The very worst was scrubbing for the delivery of a thalidomide baby and then taking that deformed body to the morgue.
  8. by   sjb2005
    Thank You for the great nurse that your are! Shelly
    Quote from VeryPlainJane
    Preparing the body of a 3 year old that was beaten to death for wetting himself.
  9. by   sjb2005
    Tell Me! Don't hold it in. I will share my fun nursing stories with you. Maybe you will LOL. Shelly
    Quote from Cute_CNA
    Worst? No comment.

    I had a pretty crappy experience today, though. I had some colorful words to call that nurse afterwards, too.

    But I don't feel like talking about it.

    Sorry to be a spoil-sport. I'm just acknowledging that poo happens. And it stinks.
  10. by   Cute_CNA
    No, not now.

    I work at a psychiatric facility, so any stories I might have are a bit different from the other stories thus far.
  11. by   Ruby Vee
    i was working a sunday afternoon in an icu with ventilated patients, patients on dialysis, and a number of eps patients with dangerous ventricular arrhythmias. this was the day the hospital had elected to change out the generators. as they were lifting the old back-up generator out with a crane to replace it with a brand new generator, the crans slipped and dropped the old generator right on top of the functioning generator . . . with predictable results. the ensuing black-out didn't affect the entire hospital -- just the tower that contained the or, the er and all of the icus.

    our ventilators had battery back-up for about an hour. but our monitors went down, and we had only two portables for 5 eps patients. the dialysis machines went down -- the dialysis nurses were hand cranking the blood back into their patients. the elevators stopped between floors -- one of them with a patient coming back from surgery. in the dark, the patient extubated herself and the anesthesiologist, and or transporters were scrambling around in the dark to re-intubate her without all of the supplies they needed. (i'm a little fuzzy on this because it wasn't a patient destined for our unit, but it seems that she went into larygylspasm (sp?) and they ended up traching her. in the dark. she did ok, too!)

    our phone system went down and we ran out to the lobby to use the pay phone to call the fire department to bring their generators., maintence to string extension cords from the parts of the hospital with electricity and the nursing supervisor and aod to get us some help. i'll never forget the medical director of our unit . . . he happened to be walking through the unit as i was fumbling with a handful of quarters and asked me what was up. at my explanation, he emptied the change from his pockets into my hands, then called his office at an adjacent payphone and asked them to send over every available body to help. they brought a portable monitor from their office, and monitors from another hospital that was nearby for all of our eps patients. they helped us bag patients when the ventilator batteries failed. he sent out a page to all of the medical residents, and one of them inflated and deflated our balloon pump by hand so no clots would form on the balloon while the power was out. other medical residents went to the or, the er and the other icus. we sent someone to the rehab floor for every available flashlight and battery. somebody's family member organized a message train from the payphones in the lobby to our main desk. (this was before cellphones were widely available.)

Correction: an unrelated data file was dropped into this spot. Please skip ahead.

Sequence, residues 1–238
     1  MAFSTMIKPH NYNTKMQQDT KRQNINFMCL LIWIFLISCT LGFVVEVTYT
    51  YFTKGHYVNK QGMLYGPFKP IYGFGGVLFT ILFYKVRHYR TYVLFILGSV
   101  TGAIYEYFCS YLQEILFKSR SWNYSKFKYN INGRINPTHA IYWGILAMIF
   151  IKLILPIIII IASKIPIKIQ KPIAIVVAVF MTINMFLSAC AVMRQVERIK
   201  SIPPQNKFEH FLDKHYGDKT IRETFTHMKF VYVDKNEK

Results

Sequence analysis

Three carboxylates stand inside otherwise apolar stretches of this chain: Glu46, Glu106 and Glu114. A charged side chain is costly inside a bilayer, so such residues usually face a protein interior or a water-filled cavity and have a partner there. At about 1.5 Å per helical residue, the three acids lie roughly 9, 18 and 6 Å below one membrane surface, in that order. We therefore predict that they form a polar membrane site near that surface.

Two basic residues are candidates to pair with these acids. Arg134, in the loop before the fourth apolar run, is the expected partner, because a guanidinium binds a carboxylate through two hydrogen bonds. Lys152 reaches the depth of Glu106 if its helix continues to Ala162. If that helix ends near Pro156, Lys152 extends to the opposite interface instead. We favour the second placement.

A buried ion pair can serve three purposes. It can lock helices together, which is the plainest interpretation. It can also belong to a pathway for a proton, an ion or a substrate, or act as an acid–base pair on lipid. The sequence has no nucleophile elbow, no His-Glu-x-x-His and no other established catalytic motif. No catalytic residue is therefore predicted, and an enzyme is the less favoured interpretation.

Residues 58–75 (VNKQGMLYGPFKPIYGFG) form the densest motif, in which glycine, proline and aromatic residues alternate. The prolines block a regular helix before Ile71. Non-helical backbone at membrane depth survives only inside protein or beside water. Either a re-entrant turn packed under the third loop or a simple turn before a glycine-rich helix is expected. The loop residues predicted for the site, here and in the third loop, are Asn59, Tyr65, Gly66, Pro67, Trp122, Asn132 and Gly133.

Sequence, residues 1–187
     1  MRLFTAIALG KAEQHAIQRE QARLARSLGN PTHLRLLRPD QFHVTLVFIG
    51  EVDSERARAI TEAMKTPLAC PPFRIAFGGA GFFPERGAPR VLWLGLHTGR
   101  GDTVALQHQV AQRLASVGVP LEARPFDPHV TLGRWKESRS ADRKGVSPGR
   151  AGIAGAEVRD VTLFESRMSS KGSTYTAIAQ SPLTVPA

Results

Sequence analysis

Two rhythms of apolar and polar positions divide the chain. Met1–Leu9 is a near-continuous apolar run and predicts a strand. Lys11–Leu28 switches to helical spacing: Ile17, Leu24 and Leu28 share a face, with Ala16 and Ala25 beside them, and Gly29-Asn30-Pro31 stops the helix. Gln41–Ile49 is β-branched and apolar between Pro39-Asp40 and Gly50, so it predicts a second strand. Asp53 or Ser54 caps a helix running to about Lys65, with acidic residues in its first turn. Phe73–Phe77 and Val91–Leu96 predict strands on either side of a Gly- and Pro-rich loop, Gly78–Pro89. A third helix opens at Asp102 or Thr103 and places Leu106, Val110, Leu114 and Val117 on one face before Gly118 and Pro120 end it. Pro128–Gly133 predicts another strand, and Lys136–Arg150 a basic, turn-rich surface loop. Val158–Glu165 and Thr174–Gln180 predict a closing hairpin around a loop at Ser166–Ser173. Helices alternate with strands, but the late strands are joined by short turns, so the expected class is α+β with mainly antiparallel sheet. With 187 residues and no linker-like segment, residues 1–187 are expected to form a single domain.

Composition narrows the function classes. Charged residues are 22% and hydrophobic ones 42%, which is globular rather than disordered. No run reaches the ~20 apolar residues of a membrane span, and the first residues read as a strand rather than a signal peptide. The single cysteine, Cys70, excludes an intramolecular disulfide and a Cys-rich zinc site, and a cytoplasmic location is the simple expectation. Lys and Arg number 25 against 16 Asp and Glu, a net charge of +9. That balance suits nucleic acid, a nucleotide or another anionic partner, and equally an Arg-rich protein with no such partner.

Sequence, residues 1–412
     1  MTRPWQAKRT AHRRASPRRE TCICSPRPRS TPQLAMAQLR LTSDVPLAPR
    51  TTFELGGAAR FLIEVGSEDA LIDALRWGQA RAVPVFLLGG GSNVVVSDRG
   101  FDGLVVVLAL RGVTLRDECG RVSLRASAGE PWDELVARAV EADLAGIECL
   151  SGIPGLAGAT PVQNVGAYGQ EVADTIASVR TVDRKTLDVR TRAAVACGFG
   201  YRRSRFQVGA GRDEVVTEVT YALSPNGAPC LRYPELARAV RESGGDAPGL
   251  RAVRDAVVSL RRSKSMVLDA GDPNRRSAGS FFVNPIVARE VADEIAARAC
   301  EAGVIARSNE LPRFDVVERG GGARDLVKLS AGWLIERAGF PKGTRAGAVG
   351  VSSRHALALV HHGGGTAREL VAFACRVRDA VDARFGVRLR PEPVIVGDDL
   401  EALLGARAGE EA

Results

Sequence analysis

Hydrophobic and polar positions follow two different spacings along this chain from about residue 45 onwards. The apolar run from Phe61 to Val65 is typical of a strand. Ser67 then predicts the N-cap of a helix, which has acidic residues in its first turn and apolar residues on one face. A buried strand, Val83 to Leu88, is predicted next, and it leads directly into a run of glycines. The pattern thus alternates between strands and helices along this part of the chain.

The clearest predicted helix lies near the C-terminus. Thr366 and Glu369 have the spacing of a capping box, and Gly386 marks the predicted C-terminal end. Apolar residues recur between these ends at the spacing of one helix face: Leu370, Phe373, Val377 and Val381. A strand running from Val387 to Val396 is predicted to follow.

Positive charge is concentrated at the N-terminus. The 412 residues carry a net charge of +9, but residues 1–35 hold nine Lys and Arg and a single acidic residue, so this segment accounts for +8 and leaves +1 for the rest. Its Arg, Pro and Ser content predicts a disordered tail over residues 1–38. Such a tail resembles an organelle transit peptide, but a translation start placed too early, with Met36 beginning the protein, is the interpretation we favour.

by the time the fire department had their generators set up and functioning, we were confident that our patients had survived the experience and that we could handle anything!

    i still occaisionally have nightmares about the moment the lights went out and we realized they weren't coming back on, though!

    ruby
  12. by   Jessy_RN
    Quote from VeryPlainJane
    Preparing the body of a 3 year old that was beaten to death for wetting himself.
    Wow, I am so sorry about this
  13. by   Lil_Skipper04
    Wow, some of my horror stories aren't anywhere near as bad as those. I almost feel bad for sharing them.

    1. I'd only been at our Assisted living facility for about a month and a half where I'm a CMA. One night when I came in for work, they were preparing to send out one resident for being lethargic, and having bright red blood in her colostomy bag. After comforting her, and promising her everything would be okay (she died 2 weeks later), we thought it was all over. Not 10 minutes later, another light goes off and the resident was turning blue and couldn't breathe. It was the night from hell. Running from one end of the building to the other, getting o2 tanks, calling 911. We both looked at our DON that night and told her we deserved huge raises. LOL. Looking back on it, it wasn't that horrible.

    Then I've gotten in several spats with some of the other nurses at my work. They're mostly older ladies, 40's & up, and are only CMA's. They keep hearing about my college and all the other stuff I do. My DON loves me, and that's gotten around a bit too. So, in the end, I end up crying because they get so jealous of me & start screaming about me. It's awful.
  14. by   canoehead
    The absolute worst situations come when I have issues with my coworkers. If you have coworkers that are supportive and you can count on them the rest is all manageable.